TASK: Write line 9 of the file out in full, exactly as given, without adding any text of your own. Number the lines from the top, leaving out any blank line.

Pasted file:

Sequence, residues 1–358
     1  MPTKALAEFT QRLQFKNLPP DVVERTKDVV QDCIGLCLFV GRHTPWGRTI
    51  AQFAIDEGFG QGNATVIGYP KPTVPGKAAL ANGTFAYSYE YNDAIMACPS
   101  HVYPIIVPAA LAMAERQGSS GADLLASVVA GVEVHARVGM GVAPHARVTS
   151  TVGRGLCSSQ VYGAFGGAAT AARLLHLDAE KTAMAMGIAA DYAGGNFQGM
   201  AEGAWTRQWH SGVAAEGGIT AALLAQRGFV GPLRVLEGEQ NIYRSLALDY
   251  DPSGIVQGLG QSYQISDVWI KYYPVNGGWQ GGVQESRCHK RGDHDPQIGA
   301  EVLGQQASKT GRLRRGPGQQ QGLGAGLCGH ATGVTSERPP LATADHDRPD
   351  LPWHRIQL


   351  LPWHRIQL